14. HistTchr

    HistTchr Habitué

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    We are asked to cover classes if there is a shortage of substitute teachers for the day. I generally dislike covering, since I have to give up my prep time, but I will do it if they are desperate for help. We get paid an hour of homebound rate for each period we cover, so some people always volunteer to do it.
     
  15. silverspoon65

    silverspoon65 Enthusiast

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    Am I the only school that asks teachers to give up ALL their planning time to cover and doesn't not compensate them in some way, with time or money?
     
  16. MissAnt

    MissAnt Comrade

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    I'm in elementary but my school does not compensate.

    Often I feel as though my job is not as important because I'm a learning support teacher. Last year I was asked to cover classes during times I was providing pull out instruction. When I said no I was looked at like I had two heads. They wanted me to cover a class from 7:45 - 9:30 as though I was doing nothing during that time.

    I don't mind covering when it fits into my schedule but often it doesn't and it's insulting.
     
  17. Caesar753

    Caesar753 Multitudinous

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    We are often short on subs. (Our school has a bad rep, so many subs don't accept jobs there.) When that happens, it's not unusual to get a call from the main office asking if we can cover a class. The expectation is that we cover the entire period, and we do get paid. I don't mind occasionally giving up my own prep period to cover someone else's class, but I get really resentful when I get called all the time, and usually to cover the same classes. I feel like, I do my best to ensure that I have a sub for days when I'll be out, even if it's a last-minute thing, but putting it into the sub system ASAP. Why can't these other teachers, who always seem to be taking days off, work things out like I do? It's frustrating to feel like I'm always doing someone else's job.
     
  18. BioAngel

    BioAngel Science Teacher - Grades 3-6

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    We have two planned "on call" periods per 6-day cycle that we get to choose at the beginning of the school year. We must plan to sub for those classes-- sometimes we have a heads up and other times we fill in as an emergency sub.

    Sometimes there is no teacher "on call" (for whatever reason) and an e-mail will go out stating we need coverage. Whoever emails back fist saying they can do it will cover it. At my school, there usually is never a problem with teachers covering for other teachers-- the community sorta expects it of each other as an act of love.

    The only time I've gotten annoyed is when I am setting up for labs in the morning before homeroom and I get asked to cover for a homeroom teacher who hasn't gotten to school yet. It only annoys me because I plan ahead to come in early to set up labs and to avoid traffic-- don't these teachers know they should plan ahead to get here earlier if there's traffic on the road? If I absolutely cannot do it, I'll say "sorry but I have labs to set up for first period" and the teachers understand, but in 90% of the time I've been asked I will cover.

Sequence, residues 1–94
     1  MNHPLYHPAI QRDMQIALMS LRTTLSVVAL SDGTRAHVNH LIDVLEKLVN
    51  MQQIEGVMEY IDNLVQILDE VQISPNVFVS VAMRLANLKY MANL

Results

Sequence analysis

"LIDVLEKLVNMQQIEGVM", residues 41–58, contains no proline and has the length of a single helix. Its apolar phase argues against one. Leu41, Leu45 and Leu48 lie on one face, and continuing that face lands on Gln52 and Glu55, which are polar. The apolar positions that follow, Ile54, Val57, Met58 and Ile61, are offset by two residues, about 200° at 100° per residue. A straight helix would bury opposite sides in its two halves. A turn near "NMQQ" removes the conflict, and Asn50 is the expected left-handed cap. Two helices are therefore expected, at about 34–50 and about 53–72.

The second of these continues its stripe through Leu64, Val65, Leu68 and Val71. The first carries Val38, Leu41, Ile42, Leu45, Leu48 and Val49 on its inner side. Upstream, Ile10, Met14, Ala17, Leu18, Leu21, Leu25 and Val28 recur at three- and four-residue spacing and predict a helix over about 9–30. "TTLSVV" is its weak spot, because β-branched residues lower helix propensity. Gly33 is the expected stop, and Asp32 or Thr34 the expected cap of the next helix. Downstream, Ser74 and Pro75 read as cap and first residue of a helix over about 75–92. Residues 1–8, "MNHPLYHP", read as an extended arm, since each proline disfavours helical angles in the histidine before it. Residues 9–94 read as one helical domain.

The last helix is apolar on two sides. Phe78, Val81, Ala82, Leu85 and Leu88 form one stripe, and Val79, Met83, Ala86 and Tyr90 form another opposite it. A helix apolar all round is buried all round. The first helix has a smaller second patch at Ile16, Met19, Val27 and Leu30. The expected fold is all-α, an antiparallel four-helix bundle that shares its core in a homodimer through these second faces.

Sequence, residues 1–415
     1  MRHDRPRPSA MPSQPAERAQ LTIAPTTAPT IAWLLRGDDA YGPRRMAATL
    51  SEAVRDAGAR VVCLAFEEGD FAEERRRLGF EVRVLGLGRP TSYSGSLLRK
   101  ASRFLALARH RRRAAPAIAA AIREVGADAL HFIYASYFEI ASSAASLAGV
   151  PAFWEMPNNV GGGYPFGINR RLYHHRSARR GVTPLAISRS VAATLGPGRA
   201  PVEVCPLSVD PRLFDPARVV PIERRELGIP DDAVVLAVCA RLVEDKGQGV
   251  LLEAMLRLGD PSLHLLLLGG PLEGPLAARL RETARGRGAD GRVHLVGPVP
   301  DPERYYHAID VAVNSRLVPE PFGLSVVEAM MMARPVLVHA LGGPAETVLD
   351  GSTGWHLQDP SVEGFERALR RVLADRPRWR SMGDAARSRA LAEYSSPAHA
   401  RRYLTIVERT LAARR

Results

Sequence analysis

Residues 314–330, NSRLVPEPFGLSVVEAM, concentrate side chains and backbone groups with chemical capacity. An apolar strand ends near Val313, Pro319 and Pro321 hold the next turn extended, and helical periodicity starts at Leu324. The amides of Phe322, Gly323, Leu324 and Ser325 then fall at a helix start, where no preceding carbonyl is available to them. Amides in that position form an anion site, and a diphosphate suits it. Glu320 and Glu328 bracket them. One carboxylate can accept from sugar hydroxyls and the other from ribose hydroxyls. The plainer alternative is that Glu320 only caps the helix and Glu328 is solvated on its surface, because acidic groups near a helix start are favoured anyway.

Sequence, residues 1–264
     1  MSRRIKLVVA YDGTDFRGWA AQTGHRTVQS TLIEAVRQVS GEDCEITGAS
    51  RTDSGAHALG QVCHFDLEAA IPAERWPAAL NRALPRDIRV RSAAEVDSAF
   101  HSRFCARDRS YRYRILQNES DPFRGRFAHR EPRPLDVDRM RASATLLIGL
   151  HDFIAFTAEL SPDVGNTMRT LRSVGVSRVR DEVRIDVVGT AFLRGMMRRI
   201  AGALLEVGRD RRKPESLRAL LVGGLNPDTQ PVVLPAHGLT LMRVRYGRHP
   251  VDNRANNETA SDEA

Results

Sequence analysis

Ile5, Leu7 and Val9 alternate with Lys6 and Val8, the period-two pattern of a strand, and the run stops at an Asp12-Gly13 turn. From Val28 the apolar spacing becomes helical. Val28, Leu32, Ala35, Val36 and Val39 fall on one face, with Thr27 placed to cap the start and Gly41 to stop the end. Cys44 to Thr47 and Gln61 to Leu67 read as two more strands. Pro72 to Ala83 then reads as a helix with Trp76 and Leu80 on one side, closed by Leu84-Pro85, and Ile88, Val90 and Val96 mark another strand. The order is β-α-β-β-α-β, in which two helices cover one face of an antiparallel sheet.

19. chebrutta

    chebrutta Enthusiast

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    We did this at my old school. We were supposed to get paid $10 for the period, but rarely did. They fired the teacher next door to me... while they were looking for a replacement, they often couldn't get a sub in. So they had me open my wall and had her kids sitting in the common area - and me teaching both 10th and 11th grades at the same time.
     
  20. silverspoon65

    silverspoon65 Enthusiast

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    Don't get me wrong - in an emergency situation I don't mind being a team player. I just feel like the more they give us to do, the less time they give us to do it. we have contract negotiations this year and I am going to suggest we ask for contractual planning time.
     
  21. mkate

    mkate Comrade

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    We only have one planning period a week--any other free period is used for tutoring, and subbing when needed. And if the need arose, a teacher might even be asked to sub during the planning period. We sub internally, except for absences of more than 4 days (and that is only if the district sends us a sub...)
     
  22. Southernese

    Southernese Rookie

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    I was never asked to cover another teacher's class, and I live in a non-union state. Judging from this thread, it looks my schools were in the minority.
     
  23. waterfall

    waterfall Virtuoso

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    I'm just in shock that people are saying they have 80-90 minute planning periods! Honestly, you should be so grateful that you get that to begin with; I've never heard of getting something so long. We get 40 minutes. I've never been asked to cover. Very rarely, we'll ask someone to cover for someone else for an IEP meeting, but that's an absolute last resort. I think we did it one time last year because we simply couldn't find anyone else and the principal had to be at the meeting as well.